A Brief Story of [Islamic Art]

A Brief Story of [Islamic Art]0%

A Brief Story of [Islamic Art] Author:
Publisher: www.lssu.edu
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A Brief Story of [Islamic Art]

This book is corrected and edited by Al-Hassanain (p) Institue for Islamic Heritage and Thought

Author: Rachida El Diwani
Publisher: www.lssu.edu
Category: visits: 2097
Download: 1283

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A Brief Story of [Islamic Art]

A Brief Story of [Islamic Art]

Author:
Publisher: www.lssu.edu
English

This book is corrected and edited by Al-Hassanain (p) Institue for Islamic Heritage and Thought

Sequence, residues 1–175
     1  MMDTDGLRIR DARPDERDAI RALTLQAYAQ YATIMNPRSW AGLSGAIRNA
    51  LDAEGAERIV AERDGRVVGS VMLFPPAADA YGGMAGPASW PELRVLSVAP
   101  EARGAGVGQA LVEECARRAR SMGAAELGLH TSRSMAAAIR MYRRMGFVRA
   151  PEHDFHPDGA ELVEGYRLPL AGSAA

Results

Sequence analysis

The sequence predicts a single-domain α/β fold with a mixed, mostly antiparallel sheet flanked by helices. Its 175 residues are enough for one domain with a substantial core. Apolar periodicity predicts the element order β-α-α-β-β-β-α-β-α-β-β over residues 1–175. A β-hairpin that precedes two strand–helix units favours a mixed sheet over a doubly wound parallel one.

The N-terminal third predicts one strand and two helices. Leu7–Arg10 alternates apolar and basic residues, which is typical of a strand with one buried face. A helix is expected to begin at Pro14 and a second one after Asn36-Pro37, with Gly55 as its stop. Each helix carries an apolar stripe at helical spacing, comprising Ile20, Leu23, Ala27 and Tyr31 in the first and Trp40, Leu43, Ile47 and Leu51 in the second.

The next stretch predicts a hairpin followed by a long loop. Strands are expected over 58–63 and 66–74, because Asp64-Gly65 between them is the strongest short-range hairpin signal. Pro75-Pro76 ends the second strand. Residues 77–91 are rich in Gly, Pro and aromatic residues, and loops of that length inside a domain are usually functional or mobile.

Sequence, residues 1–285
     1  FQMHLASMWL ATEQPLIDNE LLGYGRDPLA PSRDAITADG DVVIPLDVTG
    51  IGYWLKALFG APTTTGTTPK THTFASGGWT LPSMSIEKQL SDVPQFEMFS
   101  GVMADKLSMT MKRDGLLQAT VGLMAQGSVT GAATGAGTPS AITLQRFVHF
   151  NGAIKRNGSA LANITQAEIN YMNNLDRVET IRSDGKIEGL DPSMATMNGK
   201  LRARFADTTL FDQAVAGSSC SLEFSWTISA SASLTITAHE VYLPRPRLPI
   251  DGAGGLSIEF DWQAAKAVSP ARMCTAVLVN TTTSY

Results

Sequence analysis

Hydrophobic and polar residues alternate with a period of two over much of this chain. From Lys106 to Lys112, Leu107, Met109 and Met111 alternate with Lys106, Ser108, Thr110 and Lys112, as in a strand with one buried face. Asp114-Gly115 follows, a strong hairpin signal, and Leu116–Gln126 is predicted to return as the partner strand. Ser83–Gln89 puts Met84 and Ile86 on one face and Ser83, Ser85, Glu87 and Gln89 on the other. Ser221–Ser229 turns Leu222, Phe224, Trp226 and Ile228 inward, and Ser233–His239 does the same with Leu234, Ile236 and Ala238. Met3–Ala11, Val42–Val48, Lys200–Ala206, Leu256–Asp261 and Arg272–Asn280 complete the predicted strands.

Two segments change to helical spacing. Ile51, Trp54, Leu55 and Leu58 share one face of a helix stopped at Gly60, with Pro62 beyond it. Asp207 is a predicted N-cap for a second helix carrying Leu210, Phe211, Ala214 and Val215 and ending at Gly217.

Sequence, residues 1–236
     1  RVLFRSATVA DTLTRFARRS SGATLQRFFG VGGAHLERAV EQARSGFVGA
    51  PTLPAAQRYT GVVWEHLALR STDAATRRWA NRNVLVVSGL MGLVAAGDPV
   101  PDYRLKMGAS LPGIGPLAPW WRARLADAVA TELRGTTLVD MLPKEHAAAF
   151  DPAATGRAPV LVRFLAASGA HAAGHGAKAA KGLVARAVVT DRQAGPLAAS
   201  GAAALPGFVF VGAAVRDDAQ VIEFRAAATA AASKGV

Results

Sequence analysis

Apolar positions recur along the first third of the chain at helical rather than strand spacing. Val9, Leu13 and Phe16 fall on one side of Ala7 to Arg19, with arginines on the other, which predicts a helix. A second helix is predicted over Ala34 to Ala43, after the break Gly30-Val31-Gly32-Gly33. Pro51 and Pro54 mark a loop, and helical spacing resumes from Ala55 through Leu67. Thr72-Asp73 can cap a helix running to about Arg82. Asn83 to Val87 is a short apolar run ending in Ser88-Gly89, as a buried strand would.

[A Brief Story of] Islamic Art

] تاريخ [ الفـنّ الإسلامِي ] المختصر [

Rachida El Diwani

Professor of Comparative Literature

Alexandria University, Alexandria, Egypt

Fulbright Visiting Specialist, Oct 22 – Nov 12, 2005

Lake Superior State University

Sault Ste. Marie, MI 49783

Table of Contents

Introduction 3

Painting and sculpture 4

Books and calligraphy 6

Arabesque 7

Architecture 8

The art of city planning 9

Handicraft 10

Conclusion 11

References 12

Introduction